magistrate judge's recommendation are deemed
waived." Marshall v. Chater, 75 F.3d 1421, 1426
(10th Cir. 1996). See also United States v.
Garfinkle, 261 F.3d 1030, 1031 (10th Cir. 2001)
("In this circuit, theories raised for the first time in
objections to the magistrate judge's report are deemed
adopting a PFRD, the district court need not "make any
specific findings; the district court must merely conduct a
de novo review of the record." Garcia v. City of
Albuquerque, 232 F.3d 760, 766 (10th Cir. 2000).
"[T]he district court is presumed to know that de novo
review is required. Consequently, a brief order expressly
stating the court conducted de novo review is
sufficient." Northington v. Marin, 102 F.3d
1564, 1570 (10th Cir. 1996) (citing In re Griego, 64
F.3d at 583-84). "[E]xpress references to de novo review
in its order must be taken to mean it properly considered the
pertinent portions of the record, absent some clear
indication otherwise." Bratcher v. Bray-Doyle Indep.
Sch. Dist. No. 42, 8 F.3d 722, 724 (10th Cir. 1993). A
"terse" order containing one sentence for each of
the party's "substantive claims," which did
"not mention his procedural challenges to the
jurisdiction of the magistrate to hear the motion," has
been held sufficient. Garcia, 232 F.3d at 766. The
Supreme Court has explained that "in providing for a de
novo determination rather than de novo hearing, Congress
intended to permit whatever reliance a district judge, in the
exercise of sound judicial discretion, chose to place on a
magistrate's proposed findings and recommendations."
United States v. Raddatz, 447 U.S. 667, 676 (1980)
(quoting 28 U.S.C. § 636(b)) (citingMathews v.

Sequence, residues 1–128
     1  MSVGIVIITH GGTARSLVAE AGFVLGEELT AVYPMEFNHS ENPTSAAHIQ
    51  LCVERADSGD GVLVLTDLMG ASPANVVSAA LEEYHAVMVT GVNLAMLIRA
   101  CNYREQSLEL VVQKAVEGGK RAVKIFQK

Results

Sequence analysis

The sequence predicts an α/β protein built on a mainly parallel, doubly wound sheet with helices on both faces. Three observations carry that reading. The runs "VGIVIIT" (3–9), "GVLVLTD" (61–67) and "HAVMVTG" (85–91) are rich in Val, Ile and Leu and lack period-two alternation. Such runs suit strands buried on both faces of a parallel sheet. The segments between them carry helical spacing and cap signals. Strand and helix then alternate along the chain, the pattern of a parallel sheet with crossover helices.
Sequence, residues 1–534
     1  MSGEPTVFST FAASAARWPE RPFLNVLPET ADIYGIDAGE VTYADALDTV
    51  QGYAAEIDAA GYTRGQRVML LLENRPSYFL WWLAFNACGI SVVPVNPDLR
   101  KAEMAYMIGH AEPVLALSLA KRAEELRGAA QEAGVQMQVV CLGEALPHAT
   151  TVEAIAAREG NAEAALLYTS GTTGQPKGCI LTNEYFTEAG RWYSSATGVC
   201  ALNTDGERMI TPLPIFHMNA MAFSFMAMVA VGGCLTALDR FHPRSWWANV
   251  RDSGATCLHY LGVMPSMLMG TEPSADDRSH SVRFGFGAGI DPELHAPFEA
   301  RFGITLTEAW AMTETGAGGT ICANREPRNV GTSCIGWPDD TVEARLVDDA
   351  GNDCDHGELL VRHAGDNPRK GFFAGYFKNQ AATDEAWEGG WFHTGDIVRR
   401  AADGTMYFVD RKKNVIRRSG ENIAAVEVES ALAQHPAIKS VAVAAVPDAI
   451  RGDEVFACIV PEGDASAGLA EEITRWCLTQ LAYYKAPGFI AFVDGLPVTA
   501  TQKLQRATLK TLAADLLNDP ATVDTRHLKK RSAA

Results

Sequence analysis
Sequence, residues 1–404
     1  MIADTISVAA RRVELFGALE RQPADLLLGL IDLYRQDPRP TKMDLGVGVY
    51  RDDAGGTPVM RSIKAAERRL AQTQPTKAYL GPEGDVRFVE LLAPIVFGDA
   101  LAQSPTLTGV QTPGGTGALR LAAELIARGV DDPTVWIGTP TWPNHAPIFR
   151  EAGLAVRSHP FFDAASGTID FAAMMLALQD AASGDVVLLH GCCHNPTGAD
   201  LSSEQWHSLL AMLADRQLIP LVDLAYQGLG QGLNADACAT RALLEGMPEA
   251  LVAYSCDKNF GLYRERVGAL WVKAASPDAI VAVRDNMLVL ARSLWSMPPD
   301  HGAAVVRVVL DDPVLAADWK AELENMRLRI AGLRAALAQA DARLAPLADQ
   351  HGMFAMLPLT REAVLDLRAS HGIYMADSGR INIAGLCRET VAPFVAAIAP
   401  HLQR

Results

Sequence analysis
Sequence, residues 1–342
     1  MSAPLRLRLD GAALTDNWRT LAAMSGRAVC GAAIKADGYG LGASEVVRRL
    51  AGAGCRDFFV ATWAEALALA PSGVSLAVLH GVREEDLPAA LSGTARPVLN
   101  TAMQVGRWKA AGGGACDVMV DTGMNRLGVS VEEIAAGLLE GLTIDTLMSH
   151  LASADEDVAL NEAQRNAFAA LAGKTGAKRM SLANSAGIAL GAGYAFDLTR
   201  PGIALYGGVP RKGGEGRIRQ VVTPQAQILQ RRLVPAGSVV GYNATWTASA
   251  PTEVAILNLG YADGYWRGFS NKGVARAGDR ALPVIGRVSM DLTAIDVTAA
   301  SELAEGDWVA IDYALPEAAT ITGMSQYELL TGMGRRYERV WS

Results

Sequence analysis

Weber, 423 U.S. 261, 275 (1976)).
Rule of Civil Procedure 12(b)(6) permits the Court to dismiss
a complaint for "failure to state a claim upon which
relief can be granted." Fed.R.Civ.P. 12(b)(6).
Specifically, a complaint must "state a claim to relief
that is plausible on its face." Ashcroft v.
Iqbal, 556 U.S. 662, 678 (2009) (quoting Bell
Atlantic Corp. v. Twombly, 550 U.S. 544, 570 (2007)). In
assessing whether a complaint meets this standard, the Court
is to first "identify pleadings that, because they are
no more than conclusions, are not entitled to the assumption
of truth." Id. at 679. Then, accepting only the
well-pleaded factual allegations as true and viewing them in
the light most favorable to the plaintiff, the court is to
consider whether "they plausibly give rise to an
entitlement to relief." Barrett v. Orman, 373
Fed.Appx. 823, 825 (10th Cir. 2010) (unpublished) (quoting
Iqbal, 556 U.S. at 677-78); Casanova v.
Ulibarri, 595 F.3d 1120, 1125 (10th Cir. 2010). "A
claim has facial plausibility when the plaintiff pleads
factual content that allows the court to draw the reasonable
inference that the defendant is liable for the misconduct
alleged." Iqbal, 556 U.S. at 678.
as here, a party is proceeding pro se, the court is
to liberally construe his pleadings. Casanova, 595
F.3d at 1125. "But the court [is] not [to] 'assume
the role of advocate for the pro se litigant.'"
Baker v. Holt, 498 Fed.Appx. 770, 772 (10th Cir.
2012) (unpublished) (quoting Hall v. Bellmon, 935
F.2d 1106, 1110 (10th Cir. 1991)). In other words,
"[t]he broad reading of the plaintiffs complaint does
not relieve the plaintiff of the burden of alleging
sufficient facts on which a recognized legal claim could be
based." Hall, 935 F.2d at 1110.
objects to the Magistrate Judge's recommendation to
dismiss his constitutional defamation claims on the following
grounds: (1) the Fourteenth Amendment guarantees equal
protection and treatment; (2) Plaintiff is not required to
show that he has a constitutional or state right to public
higher education, but only that New Mexico has undertaken to
provide public higher education; (3) Plaintiff was deprived
of his right to equal protection by NMT Defendants'
refusal to admit him based on their defamation; and (4)
Plaintiff has met the requirements of the stigma-plus rule of
Paul v. Davis,4 ...